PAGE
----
The Zarrow Foundations Expand Affordable Housing and Mental Health Services in Tulsa, Oklahoma
The Anne & Henry Zarrow Foundation and the Maxine & Jack Zarrow Family Foundation have been working with public and philanthropic organizations since the 1980s to lift residents of Tulsa, Oklahoma, out of poverty. The foundations have funded housing, healthcare, social service, and food security providers, with a special focus on providers addressing mental health and homelessness. This focus was the impetus for the foundations to join the Mental Health Association of Oklahoma (MHAO) in establishing Building Tulsa, Building Lives (BTBL), a funding campaign to raise $30 million to end chronic homelessness in the city through affordable housing and supportive services. The five-year campaign ended in 2012 and ultimately raised $57 million, nearly double the initial goal. The campaign financed 514 affordable housing units and implemented numerous improvements to benefit Tulsa service providers and their clients. The first housing project that BTBL funded was the Yale Avenue Apartments, an experience that provided valuable lessons for later BTBL projects. In 2017, The Anne & Henry Zarrow Foundation received a HUD Secretary’s Award for Public-Philanthropic Partnerships in the category of Housing and Community Development in Action for its work on Building Tulsa, Building Lives.
A Safe Haven at the Yale Avenue Apartments
In 2007, concerned about the imminent closure of a 160-unit single-room-occupancy building in downtown Tulsa operated by the YMCA, two trustees of the Zarrow foundations saw the need for new housing for the building’s extremely low-income residents. With money raised by BTBL, the Tulsa Housing Authority and MHAO developed the Yale Avenue Apartments, a 76-unit supportive housing project that opened in 2010 and served as replacement housing for some of the YMCA building’s residents. Managed by MHAO as part of its Safe Haven program, Yale Avenue provides permanent, temporary, and transitional housing in a supportive environment for adults who are experiencing homelessness and are affected by serious mental illness. Single-room-occupancy and one-bedroom units are available, and the building features 24-hour staffing. The development cost for the apartments was $9.7 million. Federal funds issued through the American Recovery and Reinvestment Act of 2009 provided $4 million for the project, and private money raised by BTBL covered the remaining $5.7 million.
BTBL had grown out of discussions that the two Zarrow trustees, Gail Richards and Judy Kishner, had with fellow members of the mayor’s Housing Task Force. Their discussions focused on ending chronic homelessness in Tulsa, which MHAO estimated would require $30 million to add approximately 550 affordable units to the city’s housing stock. To achieve these goals, BTBL’s two cofounders were joined by more than 30 partners. Richards and Kishner functioned as cochairs for the ambitious campaign.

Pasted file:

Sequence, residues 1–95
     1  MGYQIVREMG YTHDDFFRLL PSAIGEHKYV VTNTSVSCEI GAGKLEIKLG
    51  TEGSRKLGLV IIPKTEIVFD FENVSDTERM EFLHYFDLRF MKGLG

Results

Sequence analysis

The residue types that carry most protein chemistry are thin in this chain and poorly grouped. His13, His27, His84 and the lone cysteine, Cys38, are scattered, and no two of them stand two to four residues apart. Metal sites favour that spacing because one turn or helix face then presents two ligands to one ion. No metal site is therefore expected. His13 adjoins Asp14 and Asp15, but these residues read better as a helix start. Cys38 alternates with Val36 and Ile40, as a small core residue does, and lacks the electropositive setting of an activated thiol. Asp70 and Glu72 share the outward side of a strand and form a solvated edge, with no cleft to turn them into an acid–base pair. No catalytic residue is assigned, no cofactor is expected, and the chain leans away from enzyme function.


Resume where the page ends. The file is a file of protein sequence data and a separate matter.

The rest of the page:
Lessons Learned at the Yale Avenue Apartments
The development of the Yale Avenue Apartments was not an entirely smooth process, however, and these difficulties served as valuable lessons that informed the campaign’s subsequent strategy for obtaining housing projects. Although the supportive housing was sorely needed to help alleviate homelessness in the city, the development faced substantial opposition from its neighbors. Objections ranged from concerns about property values to a fear of crime. These negative effects did not materialize, and “the neighbors do love and embrace the apartments now,” says The Zarrow Family Foundations executive director Bill Major.
BTBL’s difficult experience with the Yale Avenue Apartments caused it to eschew new construction as a means of developing affordable housing. Instead, the organization adopted a new strategy of purchasing and renovating market-rate apartment buildings. By buying an existing building, BTBL avoided inconveniencing neighborhood residents — renovating an existing building is much less disruptive than a large construction project, which can generate considerable noise, traffic disruptions, and neighborhood change. In addition, MHAO continued renting a portion of the units at market rates to further reduce neighborhood opposition while also providing MHAO’s clients with economic and social integration. Ultimately, the campaign helped finance the acquisition of 12 buildings containing 157 market-rate and 405 affordable units.